Chicago's Food Truck Phenomenon:
Personal Interaction Draws Chicago area fans
By Melanie Adcock
When you purchase food from a food truck in Chicago you can rest assured you won't get wilted lettuce on a hastily made sandwich. Instead you're going to get the best of the best, a talented foodie or experienced chef with the charm of a personal touch. As the Chicago food truck phenomenon expands Chicagoans ask what is the new draw to food trucks? The big answer is: fans love the conversation and interaction. Oh, and the food is darned good, too! In most successful Chicago restaurants owners and chefs are on the floor interacting with customers, but food trucks are giving consumers a double dose of one-on-one attention which keeps fans coming back for more. The fun of pursuing food trucks on sites like Foursquare and Twitter help build an excitement and community around arrival times of the trucks all over the city limits.
I went to Ethyl's Beer & Wine Dive (324 S. Racine) parking lot recently to check out the scene where every Thursday night they host an ongoing Truckin' Thursdays event, displaying new food trucks in Chicago sporting hip branding and gourmet food delivered with a warm smile and conversation. The event's atmosphere of coolness is amplified by the bold letters on the side of 5411 Empanadas' truck: "This truck may look slow to you but we're actually pretty fast so if you're thinking of following us we recommend doing it on Twitter @5411empanadas" and the sign on the Sweet Ride truck says: "Warning this food truck may cause you to cheat on your diet!" Geared toward the foodie ingrained in nearly every Chicagoan amazing food like the Woopie Pies I saw offered by Sweet Ride, the slow roasted pork with coconut fries and hot dogs with delectable grill marks from Wagu Wagon and Slide Ride's gourmet mini slider burger sandwiches did not disappoint. They are but a fraction of the examples of Chicago's growing new food truck industry of viable respectable cuisine.
What do fans think?
Outside of Ethyl's a woman from Naperville told me the food trucks parked there every week were a perfect way for her to grab something to eat on her way home. As we were talking I met Drew Wasserman who was there handing out posters of a food truck infographic he designed. He knew tons about Chicago's food truck landscape can only be described as a zealous fan.
Bitten by the craze, another woman said she tried food trucks in New York but found the Chicago food trucks are even better. By fluke she found an online listing of local food trucks and immediately loved the fresh food on trucks with kitchens on board. She says she tries to chase them whenever she's downtown and goes on to compliment the uniqueness of the tasty options claiming food trucks allow consumers to try different things at competitive prices with bigger serving sizes. She continues by saying,
"The owners are interesting, nice, and interactive. They actually talk to you. It's very personal and it's good food. The owners and cooks put in long days just like chefs at finer restaurants because they start cooking early in the morning, they do lunch and evening events and festivals all summer long. They are foodies just like us and they are so enthusiastic about what they do."
Another enthusiast had respect for food trucks because they pay parking meters just like we do. He has fun following them on Twitter, loves that they thank their customers and says when they tweet about each other it is nice for the community. He sees trucks at Willis Tower, Aon, Wagon Wednesdays on Fulton Market, Loyola University and University of Chicago and says they park together in these areas when they can. He enjoys the food and interaction, but realizes food trucks downtown are controversial because the restaurants pay premium rents. He thinks food trucks will inspire people downtown in winter to get out of their offices and feels they can be an advantage in any season because it gives people another choice.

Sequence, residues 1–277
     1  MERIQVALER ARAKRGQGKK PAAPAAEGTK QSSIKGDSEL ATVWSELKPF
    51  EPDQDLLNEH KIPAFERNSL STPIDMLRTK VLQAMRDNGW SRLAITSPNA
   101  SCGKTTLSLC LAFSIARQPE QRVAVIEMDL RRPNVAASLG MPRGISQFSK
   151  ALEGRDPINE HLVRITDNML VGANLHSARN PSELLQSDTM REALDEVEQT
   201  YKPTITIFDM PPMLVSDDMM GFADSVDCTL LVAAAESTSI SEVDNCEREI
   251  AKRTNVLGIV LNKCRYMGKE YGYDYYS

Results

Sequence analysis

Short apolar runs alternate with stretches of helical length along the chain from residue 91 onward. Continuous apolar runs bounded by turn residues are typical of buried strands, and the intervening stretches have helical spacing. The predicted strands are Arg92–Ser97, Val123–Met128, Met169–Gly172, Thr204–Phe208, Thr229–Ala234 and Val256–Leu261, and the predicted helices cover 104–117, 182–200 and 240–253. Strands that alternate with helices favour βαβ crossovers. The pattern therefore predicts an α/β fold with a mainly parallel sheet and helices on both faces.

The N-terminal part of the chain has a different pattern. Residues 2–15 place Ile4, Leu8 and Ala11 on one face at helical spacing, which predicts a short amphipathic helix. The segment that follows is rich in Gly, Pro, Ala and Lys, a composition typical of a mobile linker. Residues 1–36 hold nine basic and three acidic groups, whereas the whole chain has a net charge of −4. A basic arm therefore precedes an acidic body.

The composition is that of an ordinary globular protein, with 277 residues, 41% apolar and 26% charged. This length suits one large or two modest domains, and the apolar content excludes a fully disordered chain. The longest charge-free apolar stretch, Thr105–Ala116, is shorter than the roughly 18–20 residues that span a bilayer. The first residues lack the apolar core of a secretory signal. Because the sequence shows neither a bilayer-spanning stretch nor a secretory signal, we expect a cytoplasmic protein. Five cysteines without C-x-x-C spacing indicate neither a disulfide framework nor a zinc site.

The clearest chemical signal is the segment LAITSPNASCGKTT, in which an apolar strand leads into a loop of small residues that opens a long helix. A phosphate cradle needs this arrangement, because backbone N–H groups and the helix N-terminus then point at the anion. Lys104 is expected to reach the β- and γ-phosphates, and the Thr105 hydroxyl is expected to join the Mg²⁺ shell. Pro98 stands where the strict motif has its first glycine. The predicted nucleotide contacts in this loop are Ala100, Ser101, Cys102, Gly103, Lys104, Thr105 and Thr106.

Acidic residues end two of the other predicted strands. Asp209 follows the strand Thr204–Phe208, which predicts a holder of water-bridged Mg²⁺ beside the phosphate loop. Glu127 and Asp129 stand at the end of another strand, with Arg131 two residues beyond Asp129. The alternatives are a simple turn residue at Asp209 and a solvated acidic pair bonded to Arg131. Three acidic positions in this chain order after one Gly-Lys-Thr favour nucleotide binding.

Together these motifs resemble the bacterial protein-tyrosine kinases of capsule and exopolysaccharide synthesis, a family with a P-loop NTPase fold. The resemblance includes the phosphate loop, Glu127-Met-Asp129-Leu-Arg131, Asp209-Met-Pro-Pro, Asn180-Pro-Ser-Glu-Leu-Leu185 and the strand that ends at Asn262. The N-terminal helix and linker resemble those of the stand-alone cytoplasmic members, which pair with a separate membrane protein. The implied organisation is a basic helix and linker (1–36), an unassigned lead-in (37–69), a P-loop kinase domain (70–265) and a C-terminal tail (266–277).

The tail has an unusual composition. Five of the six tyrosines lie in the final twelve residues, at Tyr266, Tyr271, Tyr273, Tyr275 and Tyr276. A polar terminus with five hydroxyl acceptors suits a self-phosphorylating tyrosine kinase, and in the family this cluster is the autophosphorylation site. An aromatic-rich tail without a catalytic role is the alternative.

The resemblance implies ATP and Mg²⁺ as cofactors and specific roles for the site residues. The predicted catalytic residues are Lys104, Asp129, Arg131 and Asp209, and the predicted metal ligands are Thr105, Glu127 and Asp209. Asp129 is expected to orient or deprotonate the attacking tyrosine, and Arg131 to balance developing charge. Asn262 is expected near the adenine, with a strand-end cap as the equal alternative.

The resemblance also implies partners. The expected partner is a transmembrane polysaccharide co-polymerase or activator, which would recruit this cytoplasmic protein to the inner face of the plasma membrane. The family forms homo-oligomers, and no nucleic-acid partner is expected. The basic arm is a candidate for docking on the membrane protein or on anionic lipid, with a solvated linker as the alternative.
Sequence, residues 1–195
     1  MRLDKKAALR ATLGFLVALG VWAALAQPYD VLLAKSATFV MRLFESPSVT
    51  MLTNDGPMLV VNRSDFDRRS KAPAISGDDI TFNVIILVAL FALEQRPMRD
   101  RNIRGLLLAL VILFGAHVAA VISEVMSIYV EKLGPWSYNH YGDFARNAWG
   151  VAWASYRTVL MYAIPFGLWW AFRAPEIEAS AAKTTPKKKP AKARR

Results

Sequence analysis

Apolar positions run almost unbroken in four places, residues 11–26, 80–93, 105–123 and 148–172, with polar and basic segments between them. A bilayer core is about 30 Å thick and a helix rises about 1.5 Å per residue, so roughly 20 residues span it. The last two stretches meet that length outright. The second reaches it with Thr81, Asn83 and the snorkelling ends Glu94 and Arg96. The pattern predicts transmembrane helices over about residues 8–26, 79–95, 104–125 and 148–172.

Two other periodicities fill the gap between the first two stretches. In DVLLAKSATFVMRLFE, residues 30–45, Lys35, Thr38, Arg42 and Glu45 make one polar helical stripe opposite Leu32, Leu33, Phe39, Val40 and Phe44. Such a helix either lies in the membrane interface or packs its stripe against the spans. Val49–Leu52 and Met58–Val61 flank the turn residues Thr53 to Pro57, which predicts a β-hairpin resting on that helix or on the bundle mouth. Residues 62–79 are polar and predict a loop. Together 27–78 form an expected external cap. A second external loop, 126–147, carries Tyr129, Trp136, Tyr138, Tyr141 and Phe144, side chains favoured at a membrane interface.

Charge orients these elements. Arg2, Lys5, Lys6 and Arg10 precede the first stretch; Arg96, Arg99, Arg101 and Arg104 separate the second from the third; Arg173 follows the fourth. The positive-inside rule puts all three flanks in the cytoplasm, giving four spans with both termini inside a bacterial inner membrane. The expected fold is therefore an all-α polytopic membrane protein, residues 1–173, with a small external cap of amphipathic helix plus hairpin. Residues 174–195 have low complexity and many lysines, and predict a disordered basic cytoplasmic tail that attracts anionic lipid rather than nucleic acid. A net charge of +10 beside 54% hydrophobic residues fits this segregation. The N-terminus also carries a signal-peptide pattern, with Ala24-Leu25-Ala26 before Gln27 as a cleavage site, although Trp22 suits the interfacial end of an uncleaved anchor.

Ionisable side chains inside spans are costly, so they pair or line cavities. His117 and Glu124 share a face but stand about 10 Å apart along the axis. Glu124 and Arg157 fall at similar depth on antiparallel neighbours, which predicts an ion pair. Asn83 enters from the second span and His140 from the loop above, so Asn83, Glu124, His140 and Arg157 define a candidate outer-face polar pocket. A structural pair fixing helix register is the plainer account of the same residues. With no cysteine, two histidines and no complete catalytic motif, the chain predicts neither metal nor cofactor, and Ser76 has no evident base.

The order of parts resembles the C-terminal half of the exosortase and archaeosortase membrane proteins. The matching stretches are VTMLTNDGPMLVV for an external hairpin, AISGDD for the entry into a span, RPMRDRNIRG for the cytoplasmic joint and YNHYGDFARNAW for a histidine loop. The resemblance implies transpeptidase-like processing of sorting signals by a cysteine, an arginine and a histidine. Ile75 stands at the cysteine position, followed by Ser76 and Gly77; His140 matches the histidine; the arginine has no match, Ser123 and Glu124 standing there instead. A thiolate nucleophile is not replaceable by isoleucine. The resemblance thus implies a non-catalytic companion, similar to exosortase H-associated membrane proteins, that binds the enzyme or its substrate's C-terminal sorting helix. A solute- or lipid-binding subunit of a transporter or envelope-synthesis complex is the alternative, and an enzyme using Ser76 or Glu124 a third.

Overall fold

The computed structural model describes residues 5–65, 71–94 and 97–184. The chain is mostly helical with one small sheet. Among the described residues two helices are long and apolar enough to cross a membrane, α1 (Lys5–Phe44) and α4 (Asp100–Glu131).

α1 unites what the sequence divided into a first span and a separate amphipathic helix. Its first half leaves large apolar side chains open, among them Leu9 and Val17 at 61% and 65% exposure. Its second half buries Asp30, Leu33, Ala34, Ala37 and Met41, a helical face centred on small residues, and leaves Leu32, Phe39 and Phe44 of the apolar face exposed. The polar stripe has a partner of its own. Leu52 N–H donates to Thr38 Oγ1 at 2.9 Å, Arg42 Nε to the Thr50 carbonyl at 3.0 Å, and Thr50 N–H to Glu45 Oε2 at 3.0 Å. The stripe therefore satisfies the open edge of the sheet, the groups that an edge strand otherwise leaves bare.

Food Truck Owners Speak Out:
Inside every food truck there is a fantastic story of what got them started showing the passion and drive behind what makes this exciting trend tick. Wagu Wagon got started when Aaron Crumbaugh returned to Chicago after living in California for five years and saw there were no food trucks in Chicago due to constricting laws. He helped start a food truck for another company then designed his own. He approached Raphael Lopez who was at the time the executive chef at Schubas and asked him to collaborate. They spent months on concept development and kitchen design and in May of this year bought the food truck. After efforts with builders, sound installation, and painting the outside of the truck they officially launched in August at the Time Out! Chicago Food Truck Social. Nida Rodriguez, owner of Slide Ride, came from corporate finance but always liked to cook. She got started in June of this year after studying the food truck movement in L.A. It was a year in the making prior to her launch but it is now paying her bills, she says. She adds, it's a difficult road but if you are dedicated to it it is worth it. Nicholas Ibarzabal from 5411 Empanadas along with his other two business partners who all hail from Argentina added a food truck to their catering business in February of this year. Empanadas are like burgers back where they're from and they wanted to give people a way to get them here in Chicago. Another truck was famous from the start, Sweet Ride http://www.sweetridechi.com/, was a food truck originally featured on The Apprentice and was later purchased by current owner, Lupita Kuri.